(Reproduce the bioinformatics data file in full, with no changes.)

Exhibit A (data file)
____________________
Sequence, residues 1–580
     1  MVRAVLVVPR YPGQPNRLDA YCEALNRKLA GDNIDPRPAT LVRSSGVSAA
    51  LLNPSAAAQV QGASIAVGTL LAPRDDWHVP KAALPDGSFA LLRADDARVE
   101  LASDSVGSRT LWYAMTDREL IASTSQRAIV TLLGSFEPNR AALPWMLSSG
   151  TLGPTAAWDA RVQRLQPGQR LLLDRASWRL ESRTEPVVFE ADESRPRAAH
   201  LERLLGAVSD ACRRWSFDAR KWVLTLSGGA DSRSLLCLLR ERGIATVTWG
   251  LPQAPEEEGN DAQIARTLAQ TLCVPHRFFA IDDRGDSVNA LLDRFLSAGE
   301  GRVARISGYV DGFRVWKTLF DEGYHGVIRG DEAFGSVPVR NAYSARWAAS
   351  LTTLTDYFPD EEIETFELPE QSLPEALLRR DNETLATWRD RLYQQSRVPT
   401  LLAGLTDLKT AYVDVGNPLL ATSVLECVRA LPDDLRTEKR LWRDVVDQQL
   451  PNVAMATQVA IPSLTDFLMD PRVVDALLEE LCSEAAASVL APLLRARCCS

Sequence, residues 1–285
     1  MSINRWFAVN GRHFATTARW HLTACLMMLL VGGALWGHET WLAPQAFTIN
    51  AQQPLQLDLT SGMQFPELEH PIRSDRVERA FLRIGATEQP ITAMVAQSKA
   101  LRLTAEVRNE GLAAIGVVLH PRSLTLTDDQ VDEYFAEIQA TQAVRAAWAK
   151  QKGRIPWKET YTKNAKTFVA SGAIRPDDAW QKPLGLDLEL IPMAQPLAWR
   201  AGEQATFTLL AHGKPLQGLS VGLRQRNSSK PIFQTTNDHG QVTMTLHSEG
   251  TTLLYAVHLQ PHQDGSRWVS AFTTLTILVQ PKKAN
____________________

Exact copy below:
Sequence, residues 1–580
     1  MVRAVLVVPR YPGQPNRLDA YCEALNRKLA GDNIDPRPAT LVRSSGVSAA
    51  LLNPSAAAQV QGASIAVGTL LAPRDDWHVP KAALPDGSFA LLRADDARVE
   101  LASDSVGSRT LWYAMTDREL IASTSQRAIV TLLGSFEPNR AALPWMLSSG
   151  TLGPTAAWDA RVQRLQPGQR LLLDRASWRL ESRTEPVVFE ADESRPRAAH
   201  LERLLGAVSD ACRRWSFDAR KWVLTLSGGA DSRSLLCLLR ERGIATVTWG
   251  LPQAPEEEGN DAQIARTLAQ TLCVPHRFFA IDDRGDSVNA LLDRFLSAGE
   301  GRVARISGYV DGFRVWKTLF DEGYHGVIRG DEAFGSVPVR NAYSARWAAS
   351  LTTLTDYFPD EEIETFELPE QSLPEALLRR DNETLATWRD RLYQQSRVPT
   401  LLAGLTDLKT AYVDVGNPLL ATSVLECVRA LPDDLRTEKR LWRDVVDQQL
   451  PNVAMATQVA IPSLTDFLMD PRVVDALLEE LCSEAAASVL APLLRARCCS

Sequence, residues 1–285
     1  MSINRWFAVN GRHFATTARW HLTACLMMLL VGGALWGHET WLAPQAFTIN
    51  AQQPLQLDLT SGMQFPELEH PIRSDRVERA FLRIGATEQP ITAMVAQSKA
   101  LRLTAEVRNE GLAAIGVVLH PRSLTLTDDQ VDEYFAEIQA TQAVRAAWAK
   151  QKGRIPWKET YTKNAKTFVA SGAIRPDDAW QKPLGLDLEL IPMAQPLAWR
   201  AGEQATFTLL AHGKPLQGLS VGLRQRNSSK PIFQTTNDHG QVTMTLHSEG
   251  TTLLYAVHLQ PHQDGSRWVS AFTTLTILVQ PKKAN